Four Corners

Save to playlist
Share video
Create Clip
image/svg+xml
image/svg+xml
image/svg+xml
Four Corners: Swallowing It
Swallowing It
ABC  |  February 13, 2017
Classification: Not ClassifiedClassification: Not Classified
This video has closed captioning

The figures are startling: seven out of every 10 Australians take some form of vitamin or supplement. We spend more, out of our own pockets, on complementary medicines than we do on prescription drugs. Spruiked by sporting heroes, acting icons and celebrity chefs, the industry is worth over $4 billion. But there is little evidence that many of these products actually work. Many pharmacies have shelves stacked high with vitamins and supplements, prominently displayed at the front of their shops, often sold in tandem with proven pharmaceuticals. Australians are often choosing these complementary medicines as insurance against a bad diet or to ward off sickness, but the benefits are highly contested. The spotlight is now being placed on the industry, with the regulator drafting changes to the way these products are sold and a government review examining whether or not pharmacies should stock them. The program investigates how these products are regulated and marketed in Australia and whether the credibility of chemists is threatened by selling them.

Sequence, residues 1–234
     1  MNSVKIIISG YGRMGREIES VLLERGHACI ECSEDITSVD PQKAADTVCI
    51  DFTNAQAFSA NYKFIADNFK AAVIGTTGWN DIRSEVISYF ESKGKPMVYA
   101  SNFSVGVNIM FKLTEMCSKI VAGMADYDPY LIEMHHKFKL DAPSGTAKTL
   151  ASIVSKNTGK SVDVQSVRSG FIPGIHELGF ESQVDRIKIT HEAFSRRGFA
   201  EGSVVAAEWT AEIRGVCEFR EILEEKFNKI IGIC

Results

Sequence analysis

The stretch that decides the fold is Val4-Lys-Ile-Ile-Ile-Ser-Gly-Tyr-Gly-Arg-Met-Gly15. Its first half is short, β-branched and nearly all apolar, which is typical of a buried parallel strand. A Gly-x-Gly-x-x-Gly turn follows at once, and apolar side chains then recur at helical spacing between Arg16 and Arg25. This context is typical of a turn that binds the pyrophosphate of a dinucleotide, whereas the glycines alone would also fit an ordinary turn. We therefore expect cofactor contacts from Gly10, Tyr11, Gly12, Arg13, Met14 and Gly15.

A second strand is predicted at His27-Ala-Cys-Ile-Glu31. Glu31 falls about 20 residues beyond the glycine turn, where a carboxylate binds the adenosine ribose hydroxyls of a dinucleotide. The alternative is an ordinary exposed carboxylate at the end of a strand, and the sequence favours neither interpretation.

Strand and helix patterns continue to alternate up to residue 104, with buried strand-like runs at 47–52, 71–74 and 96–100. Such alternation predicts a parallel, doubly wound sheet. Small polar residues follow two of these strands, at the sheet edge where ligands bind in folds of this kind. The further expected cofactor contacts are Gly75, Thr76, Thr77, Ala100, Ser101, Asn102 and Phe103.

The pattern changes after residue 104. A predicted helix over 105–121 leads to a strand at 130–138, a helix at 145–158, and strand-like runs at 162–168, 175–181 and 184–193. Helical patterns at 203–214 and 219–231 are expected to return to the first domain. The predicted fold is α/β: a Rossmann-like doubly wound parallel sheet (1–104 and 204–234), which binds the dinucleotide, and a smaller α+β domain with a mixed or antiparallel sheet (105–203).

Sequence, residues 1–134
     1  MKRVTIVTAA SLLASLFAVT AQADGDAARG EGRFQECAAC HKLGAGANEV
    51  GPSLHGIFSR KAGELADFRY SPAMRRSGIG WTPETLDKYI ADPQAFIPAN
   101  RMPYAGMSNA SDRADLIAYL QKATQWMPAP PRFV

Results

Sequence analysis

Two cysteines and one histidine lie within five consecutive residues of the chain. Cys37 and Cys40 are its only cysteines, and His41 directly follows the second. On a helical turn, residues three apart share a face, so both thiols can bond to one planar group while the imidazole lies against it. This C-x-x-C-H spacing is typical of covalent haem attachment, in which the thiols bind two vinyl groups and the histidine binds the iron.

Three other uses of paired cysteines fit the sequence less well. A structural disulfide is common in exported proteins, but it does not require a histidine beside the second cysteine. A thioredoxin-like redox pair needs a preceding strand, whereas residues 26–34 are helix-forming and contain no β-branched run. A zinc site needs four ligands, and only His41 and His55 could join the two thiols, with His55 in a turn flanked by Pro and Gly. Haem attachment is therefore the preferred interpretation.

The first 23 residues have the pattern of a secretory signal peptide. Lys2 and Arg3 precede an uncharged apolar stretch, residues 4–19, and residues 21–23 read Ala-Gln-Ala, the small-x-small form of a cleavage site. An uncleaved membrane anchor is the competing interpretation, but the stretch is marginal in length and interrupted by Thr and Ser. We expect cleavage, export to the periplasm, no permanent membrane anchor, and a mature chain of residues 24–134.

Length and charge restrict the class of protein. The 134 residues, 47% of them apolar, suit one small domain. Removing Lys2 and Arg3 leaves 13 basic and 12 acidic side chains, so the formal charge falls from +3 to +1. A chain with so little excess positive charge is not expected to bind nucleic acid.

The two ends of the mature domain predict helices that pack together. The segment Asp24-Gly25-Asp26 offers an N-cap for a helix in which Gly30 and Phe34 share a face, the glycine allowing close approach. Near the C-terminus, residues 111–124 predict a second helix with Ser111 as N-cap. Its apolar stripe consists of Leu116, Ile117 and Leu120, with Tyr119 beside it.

The figures are startling: seven out of every 10 Australians take some form of vitamin or supplement. We spend more, out of our own pockets, on complementary medicines than we do on prescription drugs. Spruiked by sporting heroes, acting icons and celebrity chefs, the industry is worth over $4 billion. But there is little evidence that many of these products actually work. Many pharmacies have shelves stacked high with vitamins and supplements, prominently displayed at the front of their shops, often sold in tandem with proven pharmaceuticals. Australians are often choosing these complementary medicines as insurance against a bad diet or to ward off sickness, but the benefits are highly contested. The spotlight is now being placed on the industry, with the regulator drafting changes to the way these products are sold and a government review examining whether or not pharmacies should stock them. The program investigates how these products are regulated and marketed in Australia and whether the credibility of chemists is threatened by selling them.

Save to playlist

Videos in series

See all in series

News and current affairs related videos

See all News and current affairs related videos
Loading...